Biden's supply-chain envoy, Stephen Lyons, has stated that automation in the ports and logistics industry is inevitable and should be embraced as a means of enhancing productivity and efficiency. This statement comes amidst protracted contract talks between the International Longshore and Warehouse Union and the Pacific Maritime Association over a new labor agreement to replace one that expired in July. The talks had hit a logjam for a “little while” but are moving along again, with discussions now focused on provisions such as automation, said Lyons in a separate interview.
Automation and Its Impact on Jobs
The issue of automation has been a sticking point in the negotiations between the two parties. While research by the Pacific Maritime Association last year concluded that automation can be part of the solution to speeding up cargo processing, a separate study by the Economic Roundtable that was underwritten by the ILWU said that automated ports are less productive and eliminate jobs for dockworkers.
Lyons, however, does not see automation as a threat to workers' jobs. He sees automation as a tool that can enhance productivity and efficiency while still keeping workers employed. He states that automation has to be part of the solution going forward, but it doesn’t have to be at the expense of labor. Labor has to be part of the solution.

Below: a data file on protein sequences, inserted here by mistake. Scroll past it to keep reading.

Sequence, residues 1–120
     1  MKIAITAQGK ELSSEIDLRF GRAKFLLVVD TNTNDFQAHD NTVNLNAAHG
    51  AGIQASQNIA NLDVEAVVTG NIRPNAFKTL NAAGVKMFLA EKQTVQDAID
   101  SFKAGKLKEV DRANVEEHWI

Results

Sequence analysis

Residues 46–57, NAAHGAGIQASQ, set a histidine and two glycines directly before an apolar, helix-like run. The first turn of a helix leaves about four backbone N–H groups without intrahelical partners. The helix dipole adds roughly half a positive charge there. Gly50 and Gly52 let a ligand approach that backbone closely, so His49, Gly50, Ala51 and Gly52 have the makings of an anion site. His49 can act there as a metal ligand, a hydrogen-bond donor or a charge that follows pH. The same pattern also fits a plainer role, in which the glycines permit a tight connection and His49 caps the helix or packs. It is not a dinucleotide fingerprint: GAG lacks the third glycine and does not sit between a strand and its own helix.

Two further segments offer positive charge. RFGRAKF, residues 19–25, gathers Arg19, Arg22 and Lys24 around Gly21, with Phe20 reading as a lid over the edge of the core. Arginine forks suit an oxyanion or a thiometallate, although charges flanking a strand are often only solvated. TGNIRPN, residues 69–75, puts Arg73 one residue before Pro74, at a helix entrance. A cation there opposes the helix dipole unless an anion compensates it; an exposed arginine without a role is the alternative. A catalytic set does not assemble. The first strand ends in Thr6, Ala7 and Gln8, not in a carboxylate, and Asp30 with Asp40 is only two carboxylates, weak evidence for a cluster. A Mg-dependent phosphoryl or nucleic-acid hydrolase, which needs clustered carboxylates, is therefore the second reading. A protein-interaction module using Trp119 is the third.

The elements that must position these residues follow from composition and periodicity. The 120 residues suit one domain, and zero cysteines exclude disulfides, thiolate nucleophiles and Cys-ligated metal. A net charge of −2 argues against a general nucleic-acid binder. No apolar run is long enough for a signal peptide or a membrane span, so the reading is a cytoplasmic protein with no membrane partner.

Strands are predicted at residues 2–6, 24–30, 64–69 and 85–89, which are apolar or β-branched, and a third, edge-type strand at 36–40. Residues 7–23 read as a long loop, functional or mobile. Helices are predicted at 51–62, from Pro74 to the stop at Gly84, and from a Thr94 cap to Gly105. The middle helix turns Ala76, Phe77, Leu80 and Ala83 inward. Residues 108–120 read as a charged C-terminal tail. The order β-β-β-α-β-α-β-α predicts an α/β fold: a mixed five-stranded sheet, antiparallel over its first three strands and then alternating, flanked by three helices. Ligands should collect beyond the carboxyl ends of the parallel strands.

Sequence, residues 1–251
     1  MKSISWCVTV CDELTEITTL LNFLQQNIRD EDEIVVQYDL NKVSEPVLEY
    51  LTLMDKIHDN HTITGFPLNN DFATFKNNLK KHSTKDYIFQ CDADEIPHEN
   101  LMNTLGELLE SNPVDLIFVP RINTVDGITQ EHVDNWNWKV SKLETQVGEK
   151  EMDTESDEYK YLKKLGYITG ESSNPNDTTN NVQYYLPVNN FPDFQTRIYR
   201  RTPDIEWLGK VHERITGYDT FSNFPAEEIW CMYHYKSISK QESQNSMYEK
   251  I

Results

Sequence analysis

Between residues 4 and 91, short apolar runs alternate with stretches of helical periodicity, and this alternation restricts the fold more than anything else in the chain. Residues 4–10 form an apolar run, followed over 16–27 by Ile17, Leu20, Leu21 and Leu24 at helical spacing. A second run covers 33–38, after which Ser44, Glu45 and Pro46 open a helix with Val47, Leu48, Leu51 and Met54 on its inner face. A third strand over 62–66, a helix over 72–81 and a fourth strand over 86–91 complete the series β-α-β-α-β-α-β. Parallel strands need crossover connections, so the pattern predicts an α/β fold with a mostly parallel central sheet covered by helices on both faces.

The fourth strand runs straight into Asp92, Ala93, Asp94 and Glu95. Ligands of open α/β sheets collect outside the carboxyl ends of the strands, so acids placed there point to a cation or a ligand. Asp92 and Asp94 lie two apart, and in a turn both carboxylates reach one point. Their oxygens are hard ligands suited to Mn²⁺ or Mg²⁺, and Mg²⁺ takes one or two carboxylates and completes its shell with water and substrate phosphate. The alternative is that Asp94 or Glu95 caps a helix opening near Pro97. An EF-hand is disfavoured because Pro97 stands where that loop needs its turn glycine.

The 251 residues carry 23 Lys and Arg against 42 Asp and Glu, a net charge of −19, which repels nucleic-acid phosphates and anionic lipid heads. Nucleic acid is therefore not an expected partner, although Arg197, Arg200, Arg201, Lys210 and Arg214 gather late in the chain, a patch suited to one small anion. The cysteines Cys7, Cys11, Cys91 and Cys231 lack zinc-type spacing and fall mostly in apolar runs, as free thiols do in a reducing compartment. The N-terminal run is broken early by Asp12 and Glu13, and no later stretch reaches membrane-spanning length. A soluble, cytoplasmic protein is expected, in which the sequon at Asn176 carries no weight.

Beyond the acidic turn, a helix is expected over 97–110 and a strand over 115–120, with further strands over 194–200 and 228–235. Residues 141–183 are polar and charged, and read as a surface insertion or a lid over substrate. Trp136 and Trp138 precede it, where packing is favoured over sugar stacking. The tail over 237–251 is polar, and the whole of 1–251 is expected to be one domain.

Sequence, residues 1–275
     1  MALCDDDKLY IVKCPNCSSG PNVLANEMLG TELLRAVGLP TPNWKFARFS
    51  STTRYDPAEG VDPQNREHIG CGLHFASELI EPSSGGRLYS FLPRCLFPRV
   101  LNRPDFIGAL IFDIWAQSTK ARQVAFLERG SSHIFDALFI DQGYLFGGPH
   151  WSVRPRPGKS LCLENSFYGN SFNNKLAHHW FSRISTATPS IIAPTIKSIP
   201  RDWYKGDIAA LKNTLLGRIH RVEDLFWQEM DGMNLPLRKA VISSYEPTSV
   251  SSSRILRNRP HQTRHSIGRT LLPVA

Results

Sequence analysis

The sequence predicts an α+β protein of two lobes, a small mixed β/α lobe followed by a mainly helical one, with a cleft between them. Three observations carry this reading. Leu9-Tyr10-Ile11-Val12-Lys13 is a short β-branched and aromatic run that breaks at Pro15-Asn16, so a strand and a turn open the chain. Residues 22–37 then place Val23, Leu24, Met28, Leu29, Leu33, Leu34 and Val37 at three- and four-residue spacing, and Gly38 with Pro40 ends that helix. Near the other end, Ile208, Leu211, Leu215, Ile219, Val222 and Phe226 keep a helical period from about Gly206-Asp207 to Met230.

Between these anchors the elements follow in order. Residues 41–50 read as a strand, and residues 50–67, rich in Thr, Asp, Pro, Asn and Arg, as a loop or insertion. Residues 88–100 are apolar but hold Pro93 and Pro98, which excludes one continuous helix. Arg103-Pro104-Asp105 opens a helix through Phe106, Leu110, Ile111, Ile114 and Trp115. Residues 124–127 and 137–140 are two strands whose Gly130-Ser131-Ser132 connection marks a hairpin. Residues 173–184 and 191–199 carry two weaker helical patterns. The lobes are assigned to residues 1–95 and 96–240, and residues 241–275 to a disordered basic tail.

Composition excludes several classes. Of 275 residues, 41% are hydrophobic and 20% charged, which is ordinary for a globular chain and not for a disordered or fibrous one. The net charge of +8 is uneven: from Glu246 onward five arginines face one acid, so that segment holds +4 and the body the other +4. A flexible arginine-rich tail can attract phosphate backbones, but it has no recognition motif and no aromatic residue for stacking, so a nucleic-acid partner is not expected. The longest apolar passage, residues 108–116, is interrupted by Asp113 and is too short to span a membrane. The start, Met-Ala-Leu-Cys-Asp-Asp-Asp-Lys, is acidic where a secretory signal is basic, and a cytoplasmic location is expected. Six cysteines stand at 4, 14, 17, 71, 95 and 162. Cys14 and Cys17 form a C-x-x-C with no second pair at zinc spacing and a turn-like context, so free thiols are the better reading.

The twin ports of Los Angeles and Long Beach, which together are the top gateway for U.S. imports from China, are among the world’s least-efficient container ports, according to a ranking by the World Bank and IHS Markit. Automating the ports could help to address this inefficiency.
Lyons and Outgoing Labor Secretary Marty Walsh have been involved in negotiations between the ILWU and the Pacific Maritime Association, which speaks for companies, to reach a new labor agreement to replace one that expired in July. The uncertainty surrounding the negotiations has led to fears of a possible work stoppage or strike at the West Coast ports. Some shippers are already diverting cargo shipments to East and Gulf ports due to uncertainty.
Lyons, who replaced John Porcari as President Joe Biden’s ports and supply-chain envoy in May last year, said he will likely leave the Biden administration at the end of May when his term ends. Biden intends to nominate Deputy Labor Secretary Julie Su to replace Walsh, and she is expected to lead the department on an acting basis until the Senate takes up her nomination.
In conclusion, automation in the ports and logistics industry is inevitable and should be embraced as a means of enhancing productivity and efficiency. Although there are concerns that automation could lead to job losses for dockworkers, Lyons does not see it as a threat to workers' jobs. The talks between the ILWU and the Pacific Maritime Association, which had hit a logjam, are now progressing, with discussions now focused on provisions such as automation.
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Source: Bloomberg, Supply Chain Brain
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